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  • Paul Perilli

Paul Perilli: The Train to Prague

Source: Unsplash, downloaded (21.01.2021.)

The Train to Prague

The train to Prague came to a screeching stop in front of the American couple. Ten minutes later their bags were stored on the overhead rack and they were in window seats facing each other in the second class compartment. Soon after that there was a hiss of compressed air and the train was on its way out of Berlin Hauptbahnhof. Picking up speed, it followed the Spree before turning away from the city.

They shared the compartment with a middle-aged couple. She had smiled at them and tried to make eye contact as they took their seats by the door, but neither acknowledged her. The man had dark eyes and a day or so growth of whiskers on his cheeks. The woman had brown hair she wore long like someone younger. They were involved in a discussion that had started up the moment they were settled and that seemed urgent. Their voices rose and fell in the small space and sometimes they spoke at the same time. She understood German, but that wasn’t the language they were using. She couldn’t make out anything and thought they must be Czech. She wasn’t sure if they were angry or involved in a topic that required a lot of heavy emphasis. The thought crossed her mind: were they talking about them, the English-speaking vacationers sitting one seat away? Considering the bluster coming out of Washington, much of it directed at America’s allies, it didn’t seem unreasonable to think that.

She eyed her husband in telepathic inquiry. He gave his shoulders the slightest shrug in reply. His gaze shifted from her to the door as the conductor slid it aside and came into the compartment. He was a tall man wearing a white shirt, an official cap on his head and brown satchel hanging on a shoulder. He checked and punched the tickets of the Czech couple before turning to them.

“I will also need to see your tickets, please,” he said.

Her husband slipped the cardstock forms from the jacket and handed them over. The conductor checked and punched them, and when he left the Czech couple went back to their conversation in a way that irritated her. She didn’t think it was fair to fill the compartment with only their voices, but she didn’t say anything. What would they think of the American couple then? Considering everything going on, why should they yield to another’s customs in their own land?

Her husband slept through the stop in Dresden. After it, the train seemed to be in a race with the automobiles on the highway it ran parallel with.

By then the Czech couple were quiet, involved in their own reading. On her iPad she looked over the information about their hotel in Prague. She tapped through the screens of photos and details. It didn’t hold her interest. Her thoughts went back to the Czech couple. She wondered how they viewed them, four thousand miles from New York? They weren’t supporters of any of it, she had the urge to tell them in their defense. They opposed it. All of it. But the Czech couple stayed focused on their own distractions.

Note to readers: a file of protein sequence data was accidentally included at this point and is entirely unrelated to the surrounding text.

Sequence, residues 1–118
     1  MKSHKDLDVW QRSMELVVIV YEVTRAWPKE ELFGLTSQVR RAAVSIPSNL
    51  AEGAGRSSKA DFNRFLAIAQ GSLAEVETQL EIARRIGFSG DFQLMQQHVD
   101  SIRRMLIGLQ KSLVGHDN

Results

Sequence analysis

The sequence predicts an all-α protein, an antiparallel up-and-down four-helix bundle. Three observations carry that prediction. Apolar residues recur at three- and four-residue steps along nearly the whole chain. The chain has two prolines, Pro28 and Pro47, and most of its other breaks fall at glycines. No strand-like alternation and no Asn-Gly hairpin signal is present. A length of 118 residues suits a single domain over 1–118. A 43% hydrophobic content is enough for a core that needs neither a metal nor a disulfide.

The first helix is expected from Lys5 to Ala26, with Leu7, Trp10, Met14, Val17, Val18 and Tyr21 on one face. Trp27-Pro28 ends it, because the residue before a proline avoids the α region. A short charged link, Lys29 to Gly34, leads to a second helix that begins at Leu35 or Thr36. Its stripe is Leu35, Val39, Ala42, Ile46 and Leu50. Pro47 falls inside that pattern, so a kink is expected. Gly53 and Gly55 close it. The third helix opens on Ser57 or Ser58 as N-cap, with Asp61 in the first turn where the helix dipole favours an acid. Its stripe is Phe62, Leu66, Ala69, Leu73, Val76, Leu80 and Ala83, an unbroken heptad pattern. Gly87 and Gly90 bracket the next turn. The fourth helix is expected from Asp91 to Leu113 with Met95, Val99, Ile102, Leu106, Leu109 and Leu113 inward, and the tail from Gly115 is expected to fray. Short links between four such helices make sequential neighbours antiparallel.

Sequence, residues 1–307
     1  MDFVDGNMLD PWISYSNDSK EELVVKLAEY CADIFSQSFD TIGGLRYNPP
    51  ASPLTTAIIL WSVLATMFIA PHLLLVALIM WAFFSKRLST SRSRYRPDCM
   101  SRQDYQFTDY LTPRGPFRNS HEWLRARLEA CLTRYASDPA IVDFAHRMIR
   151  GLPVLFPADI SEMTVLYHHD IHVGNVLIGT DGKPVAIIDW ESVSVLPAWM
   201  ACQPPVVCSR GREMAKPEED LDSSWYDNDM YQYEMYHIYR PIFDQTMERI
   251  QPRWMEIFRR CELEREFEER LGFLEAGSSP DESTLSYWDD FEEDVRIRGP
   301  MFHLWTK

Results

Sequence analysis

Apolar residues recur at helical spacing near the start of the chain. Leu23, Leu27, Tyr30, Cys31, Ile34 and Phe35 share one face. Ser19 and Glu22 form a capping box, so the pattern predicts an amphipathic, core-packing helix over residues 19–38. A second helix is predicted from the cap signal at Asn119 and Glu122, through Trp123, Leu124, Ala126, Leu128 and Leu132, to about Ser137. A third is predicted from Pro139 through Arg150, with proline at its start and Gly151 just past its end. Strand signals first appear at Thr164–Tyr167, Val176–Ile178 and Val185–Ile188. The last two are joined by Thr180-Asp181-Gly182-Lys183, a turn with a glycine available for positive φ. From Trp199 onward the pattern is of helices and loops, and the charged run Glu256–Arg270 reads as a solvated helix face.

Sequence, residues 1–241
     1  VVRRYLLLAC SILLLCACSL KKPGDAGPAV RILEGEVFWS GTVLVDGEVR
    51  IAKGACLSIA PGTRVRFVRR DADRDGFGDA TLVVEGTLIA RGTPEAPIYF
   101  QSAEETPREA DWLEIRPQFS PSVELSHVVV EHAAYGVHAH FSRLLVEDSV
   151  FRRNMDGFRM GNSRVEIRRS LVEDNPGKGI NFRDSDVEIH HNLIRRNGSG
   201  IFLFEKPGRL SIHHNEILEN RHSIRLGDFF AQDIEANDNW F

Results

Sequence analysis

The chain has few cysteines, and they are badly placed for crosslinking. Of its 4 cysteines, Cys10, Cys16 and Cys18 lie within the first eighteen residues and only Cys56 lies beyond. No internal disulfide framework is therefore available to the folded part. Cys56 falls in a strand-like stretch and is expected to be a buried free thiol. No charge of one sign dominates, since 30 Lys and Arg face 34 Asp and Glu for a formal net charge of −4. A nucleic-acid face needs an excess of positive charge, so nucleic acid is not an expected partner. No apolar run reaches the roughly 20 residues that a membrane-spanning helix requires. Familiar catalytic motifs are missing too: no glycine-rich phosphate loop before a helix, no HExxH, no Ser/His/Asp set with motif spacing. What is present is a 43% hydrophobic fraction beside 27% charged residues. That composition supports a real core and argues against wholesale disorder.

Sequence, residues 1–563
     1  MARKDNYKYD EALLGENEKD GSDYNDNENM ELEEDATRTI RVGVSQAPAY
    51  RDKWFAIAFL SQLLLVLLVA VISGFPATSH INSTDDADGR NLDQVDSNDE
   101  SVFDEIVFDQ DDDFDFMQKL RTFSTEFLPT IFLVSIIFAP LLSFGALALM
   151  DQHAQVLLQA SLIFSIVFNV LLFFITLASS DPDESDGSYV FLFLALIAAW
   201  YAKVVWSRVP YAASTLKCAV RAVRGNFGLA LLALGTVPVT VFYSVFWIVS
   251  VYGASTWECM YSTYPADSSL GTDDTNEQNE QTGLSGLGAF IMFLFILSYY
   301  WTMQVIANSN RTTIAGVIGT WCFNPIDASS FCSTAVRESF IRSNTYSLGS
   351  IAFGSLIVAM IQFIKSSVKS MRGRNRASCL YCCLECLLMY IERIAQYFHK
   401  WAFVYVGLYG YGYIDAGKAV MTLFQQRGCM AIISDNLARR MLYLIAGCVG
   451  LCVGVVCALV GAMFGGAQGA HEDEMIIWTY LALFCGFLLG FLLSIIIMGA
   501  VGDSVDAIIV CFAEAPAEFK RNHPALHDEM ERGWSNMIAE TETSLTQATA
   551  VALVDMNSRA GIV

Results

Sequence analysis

Across the border, there was an announcement in Czech and then English. Over a bridge, the train stopped in an industrial city along a river. There was a change of conductors and they were on the move again, speeding next to a ridge of hills when her husband woke. She handed the plastic container of water to him.

“What did I miss?” he said.

“Nothing much,” she said.

“What have you been up to?”

“Checking out the news. Guess who’s at it again.”

“Oh boy. What is it this time?”

“The caravan. He’s not giving up on that. He thinks they’re coming to take over the country. He wants his wall.”

“What a waste of time and effort all that is.”

“He’s never going to let it go.”

“I get that.” He twisted the cap off the container and took a sip of water. He took another.

“There’s no getting away from it,” she raised her voice, “not even for a few days over here.”

She caught the woman staring at them. Now it was them filling the compartment with their voices.

“It’s a bigger mess than I thought it was ever going be, and that’s saying a lot,” he said.

“I don’t see it getting better until…” She cut herself off before she really got going, and that ended the discussion.

The train leaned to the left as it went around a bend. They passed a giant power plant, an indoor market made of sheet metal and blocks of highrise housing.

On the other side of a long tunnel they were in the city famous for its Gothic, Renaissance and Baroque buildings and plentiful church spires. The train slowed as it changed tracks and up ahead she saw the platforms of the station. The Czech couple stood and pulled their bags from the overhead rack. They did the same. She put her suitcase on the seat, unzipped the front pocket and slipped the iPad into it. When the train came to a stop the man slid the door aside and turned to them.

Hodně štěstí,” he said, and nodded, but didn’t smile. She looked at the woman.

“He means good luck to you,” the woman explained.

“I wish you the same,” she said and smiled.

“Thank you, we will all need it,” the woman said, but did not smile back.

The Czech couple stepped into the corridor and they followed behind them, ready to disembark.

Author about Himself: I live in Brooklyn, NY. My fiction and nonfiction have been published in places such as The European, Baltimore Magazine, New Observations Magazine and Poets & Writers Magazine, and recently in The Transnational, Thema, Numero Cinq, Adelaide Literary Magazine and a dozen others. My speculative fiction 'Summary Report to the Committee' appears in Overland's False Documents issue. My story 'Orwell's Year' appears as a chapbook from Blue Cubicle Press. My nonfiction travel piece 'Prices of Translation' appears in Wanderlust Journal's 2019 print anthology from Wild Dog Press.


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